I bought an 84 I.H. td 8e (which i still have) to replace the J.D. 450,used it for the same thing,used it the same way,and never had a problem. 10 times better machine in my opinion.
franklin q80,builtrite 40,husky 372,sachs dolmar 123, dozers,excavators,loaders,tri-axle dump trucks ,autocar tractor with dump,flatbed and detachable trailers, and 8  f350 diesels

Offline BargeMonkey

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Re: Mid 70s Deere 350
« Reply #8 on: July 07, 2017, 10:45:13 pm »
 It doesnt sit to far from you Coxy, i may call you when i get off the boat in a couple days. 👍
 I appreciate the info guys, i ran a 350C in highschool but these machines are getting pretty uncommon around here, used to see alot of straight 350-450 dozers and track loaders, stuff just isnt around. My mechanic says they are "huge pain to work on", he basically is saying he doesnt have the time to spare for a project, im trying to convince my customer to go for a plain G series. I think its a handy awesome size machine for doing waterbars and BMPs, im bidding more wood / work out of town and not quite big enough for what im doing.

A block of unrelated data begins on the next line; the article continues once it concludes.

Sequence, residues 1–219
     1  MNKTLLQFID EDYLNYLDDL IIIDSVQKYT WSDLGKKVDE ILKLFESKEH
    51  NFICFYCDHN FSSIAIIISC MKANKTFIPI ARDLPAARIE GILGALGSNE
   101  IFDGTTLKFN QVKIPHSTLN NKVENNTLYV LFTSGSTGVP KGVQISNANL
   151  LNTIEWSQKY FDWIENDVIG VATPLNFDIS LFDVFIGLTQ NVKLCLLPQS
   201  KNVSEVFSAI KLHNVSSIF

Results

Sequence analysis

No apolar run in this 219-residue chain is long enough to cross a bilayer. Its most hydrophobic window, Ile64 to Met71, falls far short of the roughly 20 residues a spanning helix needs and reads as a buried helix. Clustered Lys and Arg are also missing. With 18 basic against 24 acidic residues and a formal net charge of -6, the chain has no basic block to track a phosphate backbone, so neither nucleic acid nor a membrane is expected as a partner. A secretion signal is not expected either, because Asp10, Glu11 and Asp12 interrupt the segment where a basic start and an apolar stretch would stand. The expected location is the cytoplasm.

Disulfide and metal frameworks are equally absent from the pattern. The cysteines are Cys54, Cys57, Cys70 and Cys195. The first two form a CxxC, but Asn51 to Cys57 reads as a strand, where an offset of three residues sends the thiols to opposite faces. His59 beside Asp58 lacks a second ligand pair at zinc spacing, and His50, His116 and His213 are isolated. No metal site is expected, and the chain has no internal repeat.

Offline bitternut

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Re: Mid 70s Deere 350
« Reply #9 on: July 08, 2017, 12:08:35 am »
one more thing is the reverser lever on the dash or on the side box if its on the box its a b model if the tech is on the floor its in the 60s and will not have power steering

coxy my 350 dozer has wet steering clutches and the reverser lever on the side of the battery box. According to its serial number its a mid to late 1976 model C. I don't think the reverser lever on the battery box makes it a B.

Offline coxy

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Re: Mid 70s Deere 350
« Reply #10 on: July 08, 2017, 06:15:29 am »
one more thing is the reverser lever on the dash or on the side box if its on the box its a b model if the tech is on the floor its in the 60s and will not have power steering

coxy my 350 dozer has wet steering clutches and the reverser lever on the side of the battery box. According to its serial number its a mid to late 1976 model C. I don't think the reverser lever on the battery box makes it a B.